Bureaucracy and accountability

A discussion about the REF and expenses today has reminded me (as such discussions often do) of this famous dispatch from the Duke of Wellington to his political masters in London.

Portugal, 1812


Whilst marching from Portugal to a position which commands the approach to Madrid and the French forces, my officers have been diligently complying with your requests which have been sent by H.M. ship from London to Lisbon and thence by dispatch to our headquarters.

We have enumerated our saddles, bridles, tents and tent poles, and all manner of sundry items for which His Majesty’s Government holds me accountable. I have dispatched reports on the character, wit, and spleen of every officer. Each item and every farthing has been accounted for, with two regrettable exceptions for which I beg your indulgence.

Unfortunately the sum of one shilling and ninepence remains unaccounted for in one infantry battalion’s petty cash and there has been a hideous confusion as to the number of jars of raspberry jam issued to one cavalry regiment during a sandstorm in western Spain. This reprehensible carelessness may be related to the pressure of circumstance, since we are war with France, a fact which may come as a surprise to you gentlemen in Whitehall.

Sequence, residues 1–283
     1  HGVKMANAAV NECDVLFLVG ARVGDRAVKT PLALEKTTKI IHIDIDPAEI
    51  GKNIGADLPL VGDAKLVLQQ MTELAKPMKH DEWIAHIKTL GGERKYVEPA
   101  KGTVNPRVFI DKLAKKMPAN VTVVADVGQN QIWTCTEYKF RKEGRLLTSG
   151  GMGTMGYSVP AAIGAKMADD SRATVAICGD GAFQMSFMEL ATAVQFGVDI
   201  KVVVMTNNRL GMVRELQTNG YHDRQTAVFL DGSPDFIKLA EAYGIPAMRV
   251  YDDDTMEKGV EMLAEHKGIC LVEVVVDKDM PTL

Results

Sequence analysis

This brings me to my present purpose, which is to request elucidation of my instructions from His Majesty’s Government so that I may better understand why I am dragging an army over these barren plains. I construe that perforce it must be one of two alternative duties, as given below. I shall pursue either one with the best of my ability, but I cannot do both:

1 To train an army of uniformed British clerks in Spain for the benefit of the accountants and copy-boys in London

or, perchance,

2 To see to it that the forces of Napoleon are driven out of Spain.

Your most obedient servant,


What poetry is for

One of my rules is that whenever Louis Menand writes anything in the New Yorker, I drop tools and read it. IMHO, he’s the best literary critic living today. In July he wrote a marvellous review piece on a whole raft of books about the role and importance (or lack thereof) of poetry. I was struck by this para:

One of [Ben] Lerner’s chief examples of misplaced expectations for poetry is what he calls “nostalgia for a poetry that could supposedly reconcile the individual and the social, and so transform millions of individuals into an authentic People.” He says that this kind of poetry never existed. To which there is a one-word response: Dante. The Divine Comedy is a first-person poem about a man who suffers a crisis (“I found myself in a dark wood, for the straight way was lost”), which he resolves by undertaking an imaginary journey that he pretends has been made possible by the soul of a dead woman he loved. That poem, written in the vernacular in the fourteenth century, is still at the heart of national identity in Italy. As the Iliad and the Odyssey were for ancient Greece, and as the Aeneid was for Rome.

Towards the end of the piece Menand quotes from a poem by Frederick Seidel in a post-election collection of 50 poems edited by Amit Majmudar. This is how it goes:

And you could say we’ve been living in clover
From Walt Whitman to Barack Obama
Now a dictatorship of vicious spineless slimes
We the people voted in has taken over.
Once we’d abolished slavery, we lived in clover,
From sea to shining sea, even in terrible times.
It’s over.

Telling it like it was

Lovely story in today’s Times Diary: